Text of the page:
Now we'll use the Chicago Hope provider to cause the next transaction to abort. () We’ll switch to the Transaction Statistics view in the MTS MMC snapin in order to see this. You'll notice that we've already logged a few committed transactions recorded from a previous session as well as our most recent claim.
OK, now let's submit this claim using Chicago Hope as our provider. () The components run again, and the mainframe logs activity, but this time….the transaction is backed out. We can see that one aborted transaction now appears in the Statistics.
Lets submit one more good one, () and then we'll have a look at the databases.
Now we'll run the SQL Server query again (). Here we can see that the entries on either side of the aborted transaction are present, but the one for Chicago Hope is not there. It has been backed out.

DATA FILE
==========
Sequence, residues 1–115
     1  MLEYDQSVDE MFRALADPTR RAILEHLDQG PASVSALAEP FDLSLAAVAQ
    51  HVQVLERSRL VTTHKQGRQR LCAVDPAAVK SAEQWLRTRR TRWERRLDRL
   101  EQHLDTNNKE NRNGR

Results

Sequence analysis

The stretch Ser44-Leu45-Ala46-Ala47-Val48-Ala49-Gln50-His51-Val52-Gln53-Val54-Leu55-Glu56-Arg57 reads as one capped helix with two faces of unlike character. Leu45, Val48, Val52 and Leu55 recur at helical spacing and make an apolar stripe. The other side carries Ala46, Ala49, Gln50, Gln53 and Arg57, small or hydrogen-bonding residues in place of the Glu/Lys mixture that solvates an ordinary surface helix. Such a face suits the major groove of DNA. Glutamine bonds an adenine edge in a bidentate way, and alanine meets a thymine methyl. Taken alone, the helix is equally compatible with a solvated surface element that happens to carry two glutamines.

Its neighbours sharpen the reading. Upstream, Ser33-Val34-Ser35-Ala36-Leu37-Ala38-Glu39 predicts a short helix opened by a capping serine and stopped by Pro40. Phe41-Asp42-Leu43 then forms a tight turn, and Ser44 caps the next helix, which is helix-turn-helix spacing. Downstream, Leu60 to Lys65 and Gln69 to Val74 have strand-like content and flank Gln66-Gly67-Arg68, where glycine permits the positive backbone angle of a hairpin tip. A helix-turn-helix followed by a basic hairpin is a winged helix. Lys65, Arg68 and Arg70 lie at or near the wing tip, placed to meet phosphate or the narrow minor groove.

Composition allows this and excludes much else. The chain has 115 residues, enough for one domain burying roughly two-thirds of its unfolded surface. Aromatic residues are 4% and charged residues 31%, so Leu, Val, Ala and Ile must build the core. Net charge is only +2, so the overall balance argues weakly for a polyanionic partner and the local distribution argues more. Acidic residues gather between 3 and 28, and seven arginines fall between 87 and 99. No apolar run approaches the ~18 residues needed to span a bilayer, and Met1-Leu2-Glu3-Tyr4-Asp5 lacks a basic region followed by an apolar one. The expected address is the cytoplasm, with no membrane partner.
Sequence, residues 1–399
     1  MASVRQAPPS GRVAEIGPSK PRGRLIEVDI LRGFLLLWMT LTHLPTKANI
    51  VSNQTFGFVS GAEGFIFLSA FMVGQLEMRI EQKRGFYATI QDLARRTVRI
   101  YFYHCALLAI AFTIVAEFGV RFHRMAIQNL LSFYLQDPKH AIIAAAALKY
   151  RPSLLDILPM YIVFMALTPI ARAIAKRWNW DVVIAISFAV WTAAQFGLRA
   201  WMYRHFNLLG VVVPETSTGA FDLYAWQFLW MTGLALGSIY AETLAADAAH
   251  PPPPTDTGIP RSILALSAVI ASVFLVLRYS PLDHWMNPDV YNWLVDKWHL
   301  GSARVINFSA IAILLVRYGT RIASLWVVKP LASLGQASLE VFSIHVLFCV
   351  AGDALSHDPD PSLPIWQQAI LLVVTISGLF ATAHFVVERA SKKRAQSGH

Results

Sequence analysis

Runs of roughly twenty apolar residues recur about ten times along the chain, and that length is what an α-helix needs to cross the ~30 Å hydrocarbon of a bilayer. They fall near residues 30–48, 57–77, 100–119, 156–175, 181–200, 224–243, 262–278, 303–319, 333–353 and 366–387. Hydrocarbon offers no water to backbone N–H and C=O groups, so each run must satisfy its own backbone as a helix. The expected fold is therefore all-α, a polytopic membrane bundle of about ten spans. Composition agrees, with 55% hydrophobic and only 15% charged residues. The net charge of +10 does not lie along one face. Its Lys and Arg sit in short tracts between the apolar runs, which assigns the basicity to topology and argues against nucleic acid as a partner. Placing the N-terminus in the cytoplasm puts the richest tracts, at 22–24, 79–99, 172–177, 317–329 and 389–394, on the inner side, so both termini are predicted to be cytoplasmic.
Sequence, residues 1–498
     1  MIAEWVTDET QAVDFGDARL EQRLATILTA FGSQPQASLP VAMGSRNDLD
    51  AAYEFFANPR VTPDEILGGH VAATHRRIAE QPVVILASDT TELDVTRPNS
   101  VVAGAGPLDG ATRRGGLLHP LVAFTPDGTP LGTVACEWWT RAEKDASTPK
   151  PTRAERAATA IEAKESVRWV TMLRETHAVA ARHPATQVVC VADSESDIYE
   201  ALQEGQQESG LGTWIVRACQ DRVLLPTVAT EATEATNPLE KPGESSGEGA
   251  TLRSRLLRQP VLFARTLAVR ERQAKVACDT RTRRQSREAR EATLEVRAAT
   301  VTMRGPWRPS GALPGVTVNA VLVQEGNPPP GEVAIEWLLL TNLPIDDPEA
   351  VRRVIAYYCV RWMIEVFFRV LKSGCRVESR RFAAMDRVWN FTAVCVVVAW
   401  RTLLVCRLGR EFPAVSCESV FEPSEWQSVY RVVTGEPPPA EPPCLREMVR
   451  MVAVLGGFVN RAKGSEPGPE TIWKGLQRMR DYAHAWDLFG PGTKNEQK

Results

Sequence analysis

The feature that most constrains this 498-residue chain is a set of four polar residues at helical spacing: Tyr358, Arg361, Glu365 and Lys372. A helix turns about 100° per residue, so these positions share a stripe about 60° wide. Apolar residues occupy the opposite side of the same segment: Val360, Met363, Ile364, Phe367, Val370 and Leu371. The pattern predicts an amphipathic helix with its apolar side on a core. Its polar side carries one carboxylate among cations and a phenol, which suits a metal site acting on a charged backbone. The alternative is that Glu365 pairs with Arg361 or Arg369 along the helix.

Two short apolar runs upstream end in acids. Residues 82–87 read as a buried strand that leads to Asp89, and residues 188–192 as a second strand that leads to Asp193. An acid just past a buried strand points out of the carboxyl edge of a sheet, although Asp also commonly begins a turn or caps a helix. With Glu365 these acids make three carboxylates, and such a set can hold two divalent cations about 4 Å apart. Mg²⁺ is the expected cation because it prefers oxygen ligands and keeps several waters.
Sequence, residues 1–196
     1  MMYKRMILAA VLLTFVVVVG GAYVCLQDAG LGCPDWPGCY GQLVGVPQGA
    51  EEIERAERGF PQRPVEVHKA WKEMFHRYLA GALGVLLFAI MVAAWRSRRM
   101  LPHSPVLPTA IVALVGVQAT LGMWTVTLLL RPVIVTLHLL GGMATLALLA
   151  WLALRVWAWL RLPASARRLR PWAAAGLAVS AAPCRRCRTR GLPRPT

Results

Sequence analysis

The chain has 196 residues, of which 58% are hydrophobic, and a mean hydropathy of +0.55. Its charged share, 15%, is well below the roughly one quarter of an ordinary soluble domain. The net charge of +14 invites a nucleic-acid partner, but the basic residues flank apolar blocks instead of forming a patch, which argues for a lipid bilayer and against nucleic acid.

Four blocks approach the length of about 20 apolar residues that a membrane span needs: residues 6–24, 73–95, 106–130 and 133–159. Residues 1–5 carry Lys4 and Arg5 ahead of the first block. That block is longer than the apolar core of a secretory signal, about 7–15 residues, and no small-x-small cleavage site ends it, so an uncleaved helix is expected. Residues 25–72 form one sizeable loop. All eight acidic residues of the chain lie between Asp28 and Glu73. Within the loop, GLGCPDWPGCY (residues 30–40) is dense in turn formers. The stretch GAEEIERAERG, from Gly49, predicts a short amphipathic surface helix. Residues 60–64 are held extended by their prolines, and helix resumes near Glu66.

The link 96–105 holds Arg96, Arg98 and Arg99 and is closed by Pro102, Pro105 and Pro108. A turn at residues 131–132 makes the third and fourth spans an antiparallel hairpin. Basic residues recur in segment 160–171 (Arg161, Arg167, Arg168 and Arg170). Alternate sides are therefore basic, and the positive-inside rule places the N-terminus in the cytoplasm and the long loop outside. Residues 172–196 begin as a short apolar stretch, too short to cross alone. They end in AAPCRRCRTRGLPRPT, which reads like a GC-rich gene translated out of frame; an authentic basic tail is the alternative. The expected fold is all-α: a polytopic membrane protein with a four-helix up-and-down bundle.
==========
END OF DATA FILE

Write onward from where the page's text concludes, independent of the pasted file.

Finally, we'll do the same thing on the mainframe side with DB2 ()…… Again we see evidence of the two committed transactions, but the aborted one is absent, as expected.
(Switch to VB showing ProcessClaim, showing InsertClaim)
Now that you've seen the application run, we'll take a quick look at a typical application code fragment written in VB. () Here we see the function InsertClaim within the component ProcessClaim. Here is the line of code that creates the object, and here is the line that invokes the InsertClaim method, passing the claim number, date of service, etc. The important thing to note is that there is absolutely nothing COMTI-specific about these lines of code -- nothing that gives away the fact that a mainframe application will be executed behind the scenes. This could be an invocation of ANY automation server.
(Switch to end of mainline in ProcessClaim)